Australia, 19 December 2012: GE has welcomed the Climate Change Authority's final report on its review of Australia's 2020 Renewable Energy Target (RET) to drive policy continuity and investment certainty.
Melbourne-based GE Renewables Asia-Pacific Leader, Peter Cowling, said the RET has had 12 years of bipartisan support since its introduction in 2001, including its increase to 45,000GWh in 2009 and separation into large-scale and small-scale renewable technology targets in 2011.
GE has installed more than 20,000 wind turbines around the world and it is currently commissioning its first Australian wind farm project, 55MW Mumbida near Geraldton, Western Australia.
"The Climate Change Authority has undertaken a comprehensive review and its conclusive recommendations to government for policy stability should be heeded by all policymakers," Mr Cowling said.
Specifically, the Authority has recommended for the retention of the bi-partisan legislated 41,000GWh 2020 Large-scale Renewable Energy Target and that future reviews be conducted every four years rather than biennially.
Importantly, the recommendations of the Authority are consistent with the objects of the Renewable Energy (Electricity) Act 2000 introduced by the former Howard Government.
Mr Cowling said GE urged all sides of politics to respond positively to the Authority's recommendations as soon as possible. This will provide project proponents with regulatory certainty to proceed with the development of their projects, secure power purchase agreements, engage equipment suppliers and contractors, and benefit host landholders and regional economies.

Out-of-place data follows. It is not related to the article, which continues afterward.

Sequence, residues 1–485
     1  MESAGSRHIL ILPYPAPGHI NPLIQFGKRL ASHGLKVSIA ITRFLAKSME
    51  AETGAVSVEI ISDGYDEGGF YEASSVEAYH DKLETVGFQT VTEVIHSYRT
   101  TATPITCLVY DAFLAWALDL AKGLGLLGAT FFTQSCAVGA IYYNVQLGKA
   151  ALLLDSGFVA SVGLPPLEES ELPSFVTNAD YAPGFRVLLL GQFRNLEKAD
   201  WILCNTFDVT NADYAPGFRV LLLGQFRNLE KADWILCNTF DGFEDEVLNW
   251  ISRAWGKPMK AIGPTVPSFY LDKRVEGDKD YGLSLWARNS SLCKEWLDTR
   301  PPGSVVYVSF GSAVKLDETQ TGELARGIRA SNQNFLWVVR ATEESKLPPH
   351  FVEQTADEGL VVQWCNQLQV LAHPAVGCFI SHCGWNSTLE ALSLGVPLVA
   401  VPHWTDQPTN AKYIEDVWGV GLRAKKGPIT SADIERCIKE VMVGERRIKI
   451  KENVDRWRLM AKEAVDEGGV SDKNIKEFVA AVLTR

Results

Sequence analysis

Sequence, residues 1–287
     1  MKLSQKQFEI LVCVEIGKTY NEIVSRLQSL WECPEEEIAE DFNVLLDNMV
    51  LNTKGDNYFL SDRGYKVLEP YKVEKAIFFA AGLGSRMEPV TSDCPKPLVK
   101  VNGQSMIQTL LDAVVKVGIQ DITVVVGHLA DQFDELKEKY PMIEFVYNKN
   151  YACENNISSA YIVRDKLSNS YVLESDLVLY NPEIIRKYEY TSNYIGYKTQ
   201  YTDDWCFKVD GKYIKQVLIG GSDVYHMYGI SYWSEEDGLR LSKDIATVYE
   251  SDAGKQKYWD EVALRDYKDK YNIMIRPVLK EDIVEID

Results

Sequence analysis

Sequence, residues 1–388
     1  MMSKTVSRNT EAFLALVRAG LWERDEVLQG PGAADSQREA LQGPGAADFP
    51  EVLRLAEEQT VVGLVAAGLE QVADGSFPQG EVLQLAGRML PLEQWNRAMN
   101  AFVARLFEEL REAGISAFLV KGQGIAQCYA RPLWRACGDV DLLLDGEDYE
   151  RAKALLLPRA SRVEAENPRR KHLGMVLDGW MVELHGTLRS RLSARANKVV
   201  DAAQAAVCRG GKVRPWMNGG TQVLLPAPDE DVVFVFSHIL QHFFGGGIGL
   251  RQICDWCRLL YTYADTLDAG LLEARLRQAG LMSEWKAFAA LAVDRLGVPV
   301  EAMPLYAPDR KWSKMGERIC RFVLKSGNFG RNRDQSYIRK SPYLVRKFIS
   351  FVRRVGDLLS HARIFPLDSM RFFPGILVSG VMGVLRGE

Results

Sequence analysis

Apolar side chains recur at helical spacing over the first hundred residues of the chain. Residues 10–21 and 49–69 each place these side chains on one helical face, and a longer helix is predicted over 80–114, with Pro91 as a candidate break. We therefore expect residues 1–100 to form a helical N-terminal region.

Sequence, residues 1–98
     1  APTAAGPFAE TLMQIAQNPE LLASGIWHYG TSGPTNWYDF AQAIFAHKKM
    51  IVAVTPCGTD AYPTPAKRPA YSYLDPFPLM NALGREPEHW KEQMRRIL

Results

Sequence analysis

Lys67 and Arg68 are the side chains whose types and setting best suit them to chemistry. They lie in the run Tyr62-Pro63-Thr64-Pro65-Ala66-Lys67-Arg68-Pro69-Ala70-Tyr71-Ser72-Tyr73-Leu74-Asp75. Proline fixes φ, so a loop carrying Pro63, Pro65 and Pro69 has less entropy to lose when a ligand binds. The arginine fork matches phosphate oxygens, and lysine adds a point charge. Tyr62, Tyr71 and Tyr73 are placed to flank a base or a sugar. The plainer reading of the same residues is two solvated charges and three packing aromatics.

"The RET complements the bipartisan efforts to cut Australia's greenhouse gas emissions by 5% over 2000 levels by 2020, establish the Australian Renewable Energy Agency and legislate for the Carbon Farming Initiative," Mr Cowling said.
"It also matches the ambitions of States like New South Wales, whose Draft Renewable Energy Action Plan estimates renewable projects with consent or in the planning assessment phase have the potential to add between 875MW to 1,085MW of additional capacity, generating $1.9 billion to $2.3 billion in capital investment with associated employment and regional development benefits."
The Australian Energy Market Operator (AEMO) reported in its 2012 Electricity Statements of Opportunities there was more than 15.4GW of proposed renewable energy projects, with 13.4GW of those proposed for wind.
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